Burning through money in Iraq

Geraldine Sealey
April 21, 2004 7:59PM (UTC)

The Bush administration won't say how much it will cost to fund the Iraq operation next year -- beyond the $87 billion Congress approved last year -- and the president refuses to submit a budget request until after the November election.

But now we learn that more money -- lots more -- will be needed soon, and members of both parties are calling the White House irresponsible for putting off the discussion of what the troops need.


The Washington Post's piece on this today says: "Rep. Curt Weldon (R-Pa.), vice chairman of the House Armed Services Committee, charged that the president is playing political games by postponing further funding requests until after the election, to try to avoid reopening debate on the war's cost and future."

"Weldon described the administration's current defense budget request as 'outrageous' and 'immoral' and said that at least $10 billion is needed for Iraqi operations over the next five months."

"... Rep. Chet Edwards (D-Tex.), who returned from Iraq on March 23, said senior Army officers and contractors told him 'serious problems' will surface this summer if Congress does not approve more spending by June. Without the additional funding, food concession contracts will have to be renegotiated and operations and training bases in the United States will have to be cannibalized to finance operations in Iraq. 'If one American soldier in Iraq loses his life because Congress and the administration were afraid of the political consequences of another supplemental appropriations bill, shame on everyone who should be a part of that process,' Edwards said."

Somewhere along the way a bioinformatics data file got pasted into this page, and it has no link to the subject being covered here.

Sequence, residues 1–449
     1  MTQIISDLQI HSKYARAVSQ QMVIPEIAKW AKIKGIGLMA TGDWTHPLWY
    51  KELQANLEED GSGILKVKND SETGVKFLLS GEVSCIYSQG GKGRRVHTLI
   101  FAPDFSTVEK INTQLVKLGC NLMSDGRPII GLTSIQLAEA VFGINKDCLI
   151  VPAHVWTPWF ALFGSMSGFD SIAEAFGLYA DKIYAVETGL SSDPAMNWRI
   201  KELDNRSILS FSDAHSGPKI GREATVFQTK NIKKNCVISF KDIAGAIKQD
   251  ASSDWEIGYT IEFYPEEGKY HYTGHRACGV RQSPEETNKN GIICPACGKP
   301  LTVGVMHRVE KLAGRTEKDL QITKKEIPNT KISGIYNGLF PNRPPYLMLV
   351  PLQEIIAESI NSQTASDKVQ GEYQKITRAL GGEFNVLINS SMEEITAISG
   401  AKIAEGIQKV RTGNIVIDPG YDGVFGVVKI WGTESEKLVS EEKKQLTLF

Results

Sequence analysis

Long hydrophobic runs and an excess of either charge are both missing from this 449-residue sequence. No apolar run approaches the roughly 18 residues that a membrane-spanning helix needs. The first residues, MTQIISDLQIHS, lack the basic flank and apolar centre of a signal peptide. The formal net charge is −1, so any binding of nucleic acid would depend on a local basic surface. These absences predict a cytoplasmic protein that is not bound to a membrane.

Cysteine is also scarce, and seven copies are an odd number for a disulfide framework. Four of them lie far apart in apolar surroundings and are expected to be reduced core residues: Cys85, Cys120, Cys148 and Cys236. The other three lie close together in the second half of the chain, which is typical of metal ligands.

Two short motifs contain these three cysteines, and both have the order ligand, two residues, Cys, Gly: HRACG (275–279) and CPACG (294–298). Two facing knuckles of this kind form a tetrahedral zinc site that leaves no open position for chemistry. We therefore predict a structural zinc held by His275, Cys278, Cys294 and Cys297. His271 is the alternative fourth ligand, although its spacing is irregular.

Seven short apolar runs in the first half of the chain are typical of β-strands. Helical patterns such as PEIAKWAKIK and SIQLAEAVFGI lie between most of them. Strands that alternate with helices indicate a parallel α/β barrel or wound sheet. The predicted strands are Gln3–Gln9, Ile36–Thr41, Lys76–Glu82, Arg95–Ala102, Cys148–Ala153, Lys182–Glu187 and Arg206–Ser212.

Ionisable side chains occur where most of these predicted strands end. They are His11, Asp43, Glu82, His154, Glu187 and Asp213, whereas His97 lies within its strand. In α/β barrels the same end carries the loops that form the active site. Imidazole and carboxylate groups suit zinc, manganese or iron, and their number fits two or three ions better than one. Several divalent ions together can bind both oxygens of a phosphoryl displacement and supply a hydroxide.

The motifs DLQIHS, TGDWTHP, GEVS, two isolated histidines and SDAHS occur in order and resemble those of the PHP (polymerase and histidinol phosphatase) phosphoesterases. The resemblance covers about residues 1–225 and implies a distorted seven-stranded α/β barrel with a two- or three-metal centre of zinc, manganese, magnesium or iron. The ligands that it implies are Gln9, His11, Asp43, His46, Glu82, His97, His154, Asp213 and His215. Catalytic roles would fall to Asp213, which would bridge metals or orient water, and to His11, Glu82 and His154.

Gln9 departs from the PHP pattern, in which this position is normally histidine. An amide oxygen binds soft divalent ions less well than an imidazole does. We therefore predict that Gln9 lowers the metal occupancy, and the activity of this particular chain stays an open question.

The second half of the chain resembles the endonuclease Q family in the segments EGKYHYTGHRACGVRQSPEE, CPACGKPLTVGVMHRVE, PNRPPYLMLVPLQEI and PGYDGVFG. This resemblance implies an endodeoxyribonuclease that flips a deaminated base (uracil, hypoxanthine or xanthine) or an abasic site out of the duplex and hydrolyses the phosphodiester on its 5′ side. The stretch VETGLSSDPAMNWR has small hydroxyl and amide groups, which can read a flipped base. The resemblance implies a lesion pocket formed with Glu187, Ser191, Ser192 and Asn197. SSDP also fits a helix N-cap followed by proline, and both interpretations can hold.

Geraldine Sealey

Geraldine Sealey is senior news editor at Salon.com.

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